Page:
For all these reasons, MusicHarbor is our App of the Year 2020.
App of the Year: Runner-Up
Federico: Tot by The Iconfactory is the scratchpad I didn’t know I needed until I started testing the app earlier this year. Available for iPhone, iPad, and Mac, Tot puts a unique spin on the note-taking app genre: rather than organizing your notes in folders or projects, in Tot you only see seven dots at the top of the app’s window. These dots represent the seven scratchpads you can create in Tot, each assigned a different color. And that’s it. Tot was designed to provide you with an effortless, reliable scratchpad for bits of text you need to temporarily store before pasting or sharing them elsewhere. Whether you use it from the Mac’s menu bar, on your iPhone, or on iPad with Slide Over, Tot is a fast, lightweight solution to enter text that doesn’t demand anything from you.
What I appreciate most about Tot – and the reason why I find myself opening this app dozens of times each day – is the clarity of the idea and the restraint it takes to design a product with a limited scope in 2020. In the age of Notion and Slack, the paradox of making software today is that it’s easier to say “yes” to everything and end up with an app that ostensibly looks like a note-taking utility but also happens to support Kanban boards and relational databases; the temptation to ship features just because they’re technically possibile is high. The way I see it, it’s harder to do what The Iconfactory accomplished with Tot: find a core idea, refine it to the extreme, and build an app around a single, clearly defined functionality that doesn’t attempt to solve all the problems in your computing life.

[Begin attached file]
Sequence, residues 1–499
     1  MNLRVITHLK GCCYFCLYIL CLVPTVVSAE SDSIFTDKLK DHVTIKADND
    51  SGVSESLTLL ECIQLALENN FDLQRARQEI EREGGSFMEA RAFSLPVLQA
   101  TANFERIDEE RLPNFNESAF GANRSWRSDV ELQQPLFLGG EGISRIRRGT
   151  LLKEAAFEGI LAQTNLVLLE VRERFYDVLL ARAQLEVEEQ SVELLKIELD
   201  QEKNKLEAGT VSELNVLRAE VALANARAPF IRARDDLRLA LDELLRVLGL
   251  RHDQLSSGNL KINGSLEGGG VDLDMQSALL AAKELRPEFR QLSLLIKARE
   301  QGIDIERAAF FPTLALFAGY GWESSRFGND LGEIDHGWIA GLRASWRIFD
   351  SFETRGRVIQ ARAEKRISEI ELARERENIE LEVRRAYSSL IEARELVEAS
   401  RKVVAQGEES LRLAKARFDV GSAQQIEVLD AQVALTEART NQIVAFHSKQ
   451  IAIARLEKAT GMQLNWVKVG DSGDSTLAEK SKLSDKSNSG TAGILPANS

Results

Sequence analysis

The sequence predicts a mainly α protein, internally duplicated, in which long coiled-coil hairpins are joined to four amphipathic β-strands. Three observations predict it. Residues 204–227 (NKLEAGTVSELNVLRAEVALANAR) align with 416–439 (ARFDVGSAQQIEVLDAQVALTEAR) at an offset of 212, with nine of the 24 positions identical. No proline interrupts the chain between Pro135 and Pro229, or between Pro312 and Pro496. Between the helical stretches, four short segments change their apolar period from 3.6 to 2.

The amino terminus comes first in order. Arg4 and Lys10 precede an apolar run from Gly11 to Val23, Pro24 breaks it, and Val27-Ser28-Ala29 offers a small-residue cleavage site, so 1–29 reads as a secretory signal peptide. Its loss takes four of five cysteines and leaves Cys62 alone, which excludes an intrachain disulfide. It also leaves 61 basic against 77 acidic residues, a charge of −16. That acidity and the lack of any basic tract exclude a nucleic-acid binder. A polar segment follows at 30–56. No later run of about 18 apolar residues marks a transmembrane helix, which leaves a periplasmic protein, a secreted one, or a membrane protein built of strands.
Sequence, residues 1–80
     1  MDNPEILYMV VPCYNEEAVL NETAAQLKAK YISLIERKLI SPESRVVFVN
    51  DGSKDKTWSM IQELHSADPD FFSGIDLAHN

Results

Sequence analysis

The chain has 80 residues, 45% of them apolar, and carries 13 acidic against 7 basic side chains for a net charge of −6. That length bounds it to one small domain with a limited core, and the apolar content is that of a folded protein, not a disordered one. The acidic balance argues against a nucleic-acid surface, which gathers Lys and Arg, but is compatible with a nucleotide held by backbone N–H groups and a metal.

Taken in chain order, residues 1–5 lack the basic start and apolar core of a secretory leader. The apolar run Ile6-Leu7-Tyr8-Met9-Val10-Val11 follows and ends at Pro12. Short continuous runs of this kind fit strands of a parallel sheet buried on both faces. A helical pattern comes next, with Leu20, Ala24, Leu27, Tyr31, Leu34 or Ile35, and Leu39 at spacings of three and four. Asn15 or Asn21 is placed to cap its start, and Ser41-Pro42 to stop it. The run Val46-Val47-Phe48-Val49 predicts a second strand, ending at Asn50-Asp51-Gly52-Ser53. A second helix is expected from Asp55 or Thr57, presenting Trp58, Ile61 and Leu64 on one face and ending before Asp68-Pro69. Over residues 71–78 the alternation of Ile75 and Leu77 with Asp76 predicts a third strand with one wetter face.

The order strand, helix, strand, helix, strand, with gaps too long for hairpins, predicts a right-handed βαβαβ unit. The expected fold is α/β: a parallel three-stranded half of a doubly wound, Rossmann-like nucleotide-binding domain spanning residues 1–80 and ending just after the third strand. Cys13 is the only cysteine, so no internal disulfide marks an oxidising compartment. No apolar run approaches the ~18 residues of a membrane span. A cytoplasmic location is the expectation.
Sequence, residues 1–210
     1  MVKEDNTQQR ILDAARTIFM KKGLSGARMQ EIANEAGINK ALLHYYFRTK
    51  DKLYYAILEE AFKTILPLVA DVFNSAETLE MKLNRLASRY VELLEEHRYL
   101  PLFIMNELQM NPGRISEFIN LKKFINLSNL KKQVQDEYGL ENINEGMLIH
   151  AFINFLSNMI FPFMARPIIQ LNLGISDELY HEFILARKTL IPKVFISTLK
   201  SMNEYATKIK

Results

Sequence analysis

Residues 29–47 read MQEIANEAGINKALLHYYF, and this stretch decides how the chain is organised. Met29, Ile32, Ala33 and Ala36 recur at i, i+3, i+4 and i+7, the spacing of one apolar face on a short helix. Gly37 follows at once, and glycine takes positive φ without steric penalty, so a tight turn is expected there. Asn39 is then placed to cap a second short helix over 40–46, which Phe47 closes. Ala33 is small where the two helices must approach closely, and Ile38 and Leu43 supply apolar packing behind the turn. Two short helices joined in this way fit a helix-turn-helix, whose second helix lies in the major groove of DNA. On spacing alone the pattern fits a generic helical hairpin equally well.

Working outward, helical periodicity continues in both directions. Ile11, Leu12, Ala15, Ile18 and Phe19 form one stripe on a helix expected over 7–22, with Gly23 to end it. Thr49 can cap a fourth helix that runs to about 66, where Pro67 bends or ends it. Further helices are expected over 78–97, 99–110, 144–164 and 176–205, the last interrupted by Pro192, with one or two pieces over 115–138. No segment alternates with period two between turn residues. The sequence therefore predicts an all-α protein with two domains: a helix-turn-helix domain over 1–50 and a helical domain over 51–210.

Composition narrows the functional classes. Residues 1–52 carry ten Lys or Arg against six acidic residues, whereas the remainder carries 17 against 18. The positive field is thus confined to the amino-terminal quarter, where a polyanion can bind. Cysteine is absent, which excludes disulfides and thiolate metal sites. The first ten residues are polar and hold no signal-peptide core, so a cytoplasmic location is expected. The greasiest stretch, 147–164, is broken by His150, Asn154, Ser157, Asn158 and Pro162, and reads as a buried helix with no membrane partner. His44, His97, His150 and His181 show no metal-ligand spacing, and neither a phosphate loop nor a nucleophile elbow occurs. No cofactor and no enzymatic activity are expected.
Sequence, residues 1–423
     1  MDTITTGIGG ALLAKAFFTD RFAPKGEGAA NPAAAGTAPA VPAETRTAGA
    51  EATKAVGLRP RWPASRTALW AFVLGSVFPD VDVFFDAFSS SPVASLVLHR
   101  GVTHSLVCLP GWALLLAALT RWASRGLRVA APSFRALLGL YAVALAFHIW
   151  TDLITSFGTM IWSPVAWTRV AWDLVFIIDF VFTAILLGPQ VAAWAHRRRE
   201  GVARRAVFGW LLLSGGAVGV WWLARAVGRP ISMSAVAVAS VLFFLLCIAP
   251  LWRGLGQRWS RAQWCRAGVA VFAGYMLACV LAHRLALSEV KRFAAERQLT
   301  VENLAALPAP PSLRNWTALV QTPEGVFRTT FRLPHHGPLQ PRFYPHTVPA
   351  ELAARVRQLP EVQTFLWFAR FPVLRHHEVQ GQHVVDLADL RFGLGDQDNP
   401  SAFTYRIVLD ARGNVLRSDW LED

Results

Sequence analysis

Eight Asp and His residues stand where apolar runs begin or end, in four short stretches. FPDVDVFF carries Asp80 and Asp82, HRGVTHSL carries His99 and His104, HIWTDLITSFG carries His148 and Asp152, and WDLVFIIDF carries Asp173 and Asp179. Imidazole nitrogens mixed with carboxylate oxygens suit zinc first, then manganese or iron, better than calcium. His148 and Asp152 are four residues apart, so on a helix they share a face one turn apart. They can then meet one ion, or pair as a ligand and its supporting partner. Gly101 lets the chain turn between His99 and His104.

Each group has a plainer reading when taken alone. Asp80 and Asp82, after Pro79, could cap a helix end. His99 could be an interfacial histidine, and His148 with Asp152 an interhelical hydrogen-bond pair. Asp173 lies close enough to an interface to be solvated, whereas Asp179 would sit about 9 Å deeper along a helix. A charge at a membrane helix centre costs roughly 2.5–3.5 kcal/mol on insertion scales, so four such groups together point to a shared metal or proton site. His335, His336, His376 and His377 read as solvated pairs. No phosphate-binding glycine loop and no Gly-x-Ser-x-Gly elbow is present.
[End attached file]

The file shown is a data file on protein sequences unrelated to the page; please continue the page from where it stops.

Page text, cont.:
Tot does one thing, and it does it better than anything similar I’ve tried. I use the app to store links, quick calculations, blocks of code, and passages of text I may need again in a few minutes or hours. Tot isn’t the place where I “organize” my notes: it’s where I relieve my brain of the pressure of holding transient information that needs to be acted upon in the near future. Tot supports modern features such as iPad multitasking, keyboard shortcuts, custom fonts and themes, and it can also switch between plain and rich text editing modes. Tot’s simplicity and elegance are refreshing traits to find in a modern utility for Apple platforms in 2020, and it’s one of the apps I found most useful over the last 12 months.